A team of researchers genetically engineered tobacco plant with a simplified process of photorespiration to increase its growth by 40 percent.
The new approach identified by scientists has potential to make photosynthesis more efficient and could be favorable in increasing the agricultural production significantly. The principle of photorespiration helps plants to simplify a complex and energy-expensive process that is functioned by plants while performing photosynthesis.
While demonstrating the research, the researchers genetically modified tobacco and showed that the procedure increased plant growth by over 40 percent. The researchers were hopeful that similar results in other crops could help farmers meet the food demands of a growing global population. The results were published by the researchers in the journal Science in January 2019.
Spencer Whitney, a plant biochemist at Australian National University in Canberra and not involved in the work, said: “Streamlining photorespiration is a great step forward in efforts to enhance photosynthesis. That Rubisco-oxygen interaction, which happens about 20 percent of the time, generates the toxic compound glycolate, which a plant must recycle into useful molecules through photorespiration.”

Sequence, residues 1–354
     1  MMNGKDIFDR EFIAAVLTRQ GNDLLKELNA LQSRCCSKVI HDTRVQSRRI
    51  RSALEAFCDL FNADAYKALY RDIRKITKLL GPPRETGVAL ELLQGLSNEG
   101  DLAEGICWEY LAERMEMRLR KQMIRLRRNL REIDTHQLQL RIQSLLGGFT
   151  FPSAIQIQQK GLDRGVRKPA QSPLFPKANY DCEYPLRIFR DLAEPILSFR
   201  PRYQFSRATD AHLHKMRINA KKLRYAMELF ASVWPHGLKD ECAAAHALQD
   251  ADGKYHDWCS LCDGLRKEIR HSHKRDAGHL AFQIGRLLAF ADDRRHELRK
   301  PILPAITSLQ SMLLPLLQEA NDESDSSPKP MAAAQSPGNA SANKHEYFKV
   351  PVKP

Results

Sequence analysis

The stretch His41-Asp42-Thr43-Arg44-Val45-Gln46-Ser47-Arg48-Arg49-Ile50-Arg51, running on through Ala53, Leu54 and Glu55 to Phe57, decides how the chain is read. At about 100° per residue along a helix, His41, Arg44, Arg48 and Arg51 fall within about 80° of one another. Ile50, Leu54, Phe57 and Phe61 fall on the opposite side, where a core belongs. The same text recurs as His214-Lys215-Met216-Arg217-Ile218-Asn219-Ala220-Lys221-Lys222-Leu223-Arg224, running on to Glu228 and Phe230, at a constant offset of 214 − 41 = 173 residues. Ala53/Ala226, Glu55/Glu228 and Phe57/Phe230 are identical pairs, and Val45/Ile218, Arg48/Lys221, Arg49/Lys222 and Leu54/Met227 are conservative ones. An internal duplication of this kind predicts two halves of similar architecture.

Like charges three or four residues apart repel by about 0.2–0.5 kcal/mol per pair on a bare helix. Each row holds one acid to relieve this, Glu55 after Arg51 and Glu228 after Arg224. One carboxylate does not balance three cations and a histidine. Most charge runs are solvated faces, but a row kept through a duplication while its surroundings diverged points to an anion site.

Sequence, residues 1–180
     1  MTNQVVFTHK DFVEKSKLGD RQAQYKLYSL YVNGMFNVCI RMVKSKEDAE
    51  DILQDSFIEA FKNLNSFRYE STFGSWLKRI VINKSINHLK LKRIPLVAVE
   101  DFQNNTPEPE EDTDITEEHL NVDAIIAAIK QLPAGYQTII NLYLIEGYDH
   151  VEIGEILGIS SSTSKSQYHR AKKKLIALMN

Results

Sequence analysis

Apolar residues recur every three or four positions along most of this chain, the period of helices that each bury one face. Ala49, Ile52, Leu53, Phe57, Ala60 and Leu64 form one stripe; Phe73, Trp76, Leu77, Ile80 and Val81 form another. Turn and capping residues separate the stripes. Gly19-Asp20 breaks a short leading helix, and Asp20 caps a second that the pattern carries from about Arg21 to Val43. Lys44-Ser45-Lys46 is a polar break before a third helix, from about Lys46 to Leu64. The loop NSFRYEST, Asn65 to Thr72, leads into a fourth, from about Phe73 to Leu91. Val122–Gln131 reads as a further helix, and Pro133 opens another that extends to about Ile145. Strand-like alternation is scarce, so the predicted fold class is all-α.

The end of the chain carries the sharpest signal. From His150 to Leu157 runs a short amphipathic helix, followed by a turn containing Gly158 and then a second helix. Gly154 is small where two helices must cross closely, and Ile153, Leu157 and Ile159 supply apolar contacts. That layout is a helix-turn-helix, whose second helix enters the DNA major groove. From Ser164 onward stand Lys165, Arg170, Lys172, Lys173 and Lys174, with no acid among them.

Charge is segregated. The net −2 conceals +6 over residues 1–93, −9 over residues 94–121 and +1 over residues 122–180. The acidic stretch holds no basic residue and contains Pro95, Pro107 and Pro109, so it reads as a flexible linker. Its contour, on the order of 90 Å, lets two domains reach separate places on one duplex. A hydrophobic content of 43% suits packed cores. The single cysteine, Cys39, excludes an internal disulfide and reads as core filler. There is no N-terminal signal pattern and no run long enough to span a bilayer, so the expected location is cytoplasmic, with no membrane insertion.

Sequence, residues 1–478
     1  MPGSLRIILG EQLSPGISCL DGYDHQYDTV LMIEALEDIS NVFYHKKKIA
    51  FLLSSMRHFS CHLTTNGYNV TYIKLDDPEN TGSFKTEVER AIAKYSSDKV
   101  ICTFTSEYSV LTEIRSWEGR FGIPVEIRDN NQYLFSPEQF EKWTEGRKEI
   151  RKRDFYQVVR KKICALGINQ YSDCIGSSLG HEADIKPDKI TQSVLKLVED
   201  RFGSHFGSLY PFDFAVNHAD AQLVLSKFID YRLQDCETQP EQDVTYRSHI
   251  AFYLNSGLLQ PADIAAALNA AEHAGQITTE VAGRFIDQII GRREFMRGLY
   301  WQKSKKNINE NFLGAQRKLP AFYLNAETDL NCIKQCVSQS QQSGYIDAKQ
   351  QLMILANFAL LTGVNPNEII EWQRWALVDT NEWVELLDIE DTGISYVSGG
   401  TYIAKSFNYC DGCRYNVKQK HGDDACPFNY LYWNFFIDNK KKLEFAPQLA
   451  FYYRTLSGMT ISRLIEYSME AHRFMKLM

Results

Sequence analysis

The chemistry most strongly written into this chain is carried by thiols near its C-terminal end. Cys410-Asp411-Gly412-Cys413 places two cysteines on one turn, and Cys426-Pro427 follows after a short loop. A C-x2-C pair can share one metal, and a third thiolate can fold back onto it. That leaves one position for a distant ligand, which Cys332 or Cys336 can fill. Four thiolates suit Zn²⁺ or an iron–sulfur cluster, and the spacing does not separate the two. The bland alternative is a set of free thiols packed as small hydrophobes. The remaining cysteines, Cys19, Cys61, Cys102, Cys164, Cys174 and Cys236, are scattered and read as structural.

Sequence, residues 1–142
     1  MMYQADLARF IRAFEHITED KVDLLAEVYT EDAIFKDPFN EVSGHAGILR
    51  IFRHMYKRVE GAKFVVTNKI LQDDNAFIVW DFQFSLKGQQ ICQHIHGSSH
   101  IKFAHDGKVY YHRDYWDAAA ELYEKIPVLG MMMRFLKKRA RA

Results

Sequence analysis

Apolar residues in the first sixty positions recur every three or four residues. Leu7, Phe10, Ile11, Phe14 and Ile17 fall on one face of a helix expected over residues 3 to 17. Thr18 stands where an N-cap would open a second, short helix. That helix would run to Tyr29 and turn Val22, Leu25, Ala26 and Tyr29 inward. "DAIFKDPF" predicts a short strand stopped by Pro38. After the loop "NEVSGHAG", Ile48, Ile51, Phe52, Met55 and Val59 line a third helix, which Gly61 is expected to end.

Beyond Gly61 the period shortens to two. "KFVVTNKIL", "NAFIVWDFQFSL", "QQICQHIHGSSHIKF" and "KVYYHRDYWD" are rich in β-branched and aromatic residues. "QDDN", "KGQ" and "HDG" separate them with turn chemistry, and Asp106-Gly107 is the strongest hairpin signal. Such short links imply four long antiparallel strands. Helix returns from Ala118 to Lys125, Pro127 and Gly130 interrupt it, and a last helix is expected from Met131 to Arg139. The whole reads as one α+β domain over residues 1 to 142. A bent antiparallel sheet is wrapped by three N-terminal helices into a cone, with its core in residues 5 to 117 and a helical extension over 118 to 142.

The process uses a long chain of chemical reactions, which is covered in four compartments in a plant cell. The waste of energy can cut crop yields by 20 to 50 percent, relying on plant species and environmental conditions. The researchers used genetic engineering to design a more direct chemical pathway for photorespiration that is confined to a single cell compartment.
Veronica Maurino, a plant physiologist at Heinrich Heine University Düsseldorf in Germany not involved in the research, said, ““It’s very exciting to see how well this genetic tweak worked in tobacco, says, but you can’t say, It’s functioning. Now it will function everywhere.”